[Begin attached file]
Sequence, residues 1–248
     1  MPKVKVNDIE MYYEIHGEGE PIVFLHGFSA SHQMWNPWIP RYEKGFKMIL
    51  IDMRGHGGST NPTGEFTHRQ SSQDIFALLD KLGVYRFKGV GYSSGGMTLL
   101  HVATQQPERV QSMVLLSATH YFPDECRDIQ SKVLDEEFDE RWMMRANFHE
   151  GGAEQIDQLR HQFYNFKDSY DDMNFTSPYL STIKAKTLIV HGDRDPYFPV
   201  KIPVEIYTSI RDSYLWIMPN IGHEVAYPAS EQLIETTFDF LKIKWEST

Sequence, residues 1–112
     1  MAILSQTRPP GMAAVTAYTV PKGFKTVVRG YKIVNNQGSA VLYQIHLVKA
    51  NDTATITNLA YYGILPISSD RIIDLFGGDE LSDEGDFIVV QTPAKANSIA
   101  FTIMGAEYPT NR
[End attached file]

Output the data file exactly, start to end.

Sequence, residues 1–248
     1  MPKVKVNDIE MYYEIHGEGE PIVFLHGFSA SHQMWNPWIP RYEKGFKMIL
    51  IDMRGHGGST NPTGEFTHRQ SSQDIFALLD KLGVYRFKGV GYSSGGMTLL
   101  HVATQQPERV QSMVLLSATH YFPDECRDIQ SKVLDEEFDE RWMMRANFHE
   151  GGAEQIDQLR HQFYNFKDSY DDMNFTSPYL STIKAKTLIV HGDRDPYFPV
   201  KIPVEIYTSI RDSYLWIMPN IGHEVAYPAS EQLIETTFDF LKIKWEST

Sequence, residues 1–112
     1  MAILSQTRPP GMAAVTAYTV PKGFKTVVRG YKIVNNQGSA VLYQIHLVKA
    51  NDTATITNLA YYGILPISSD RIIDLFGGDE LSDEGDFIVV QTPAKANSIA
   101  FTIMGAEYPT NR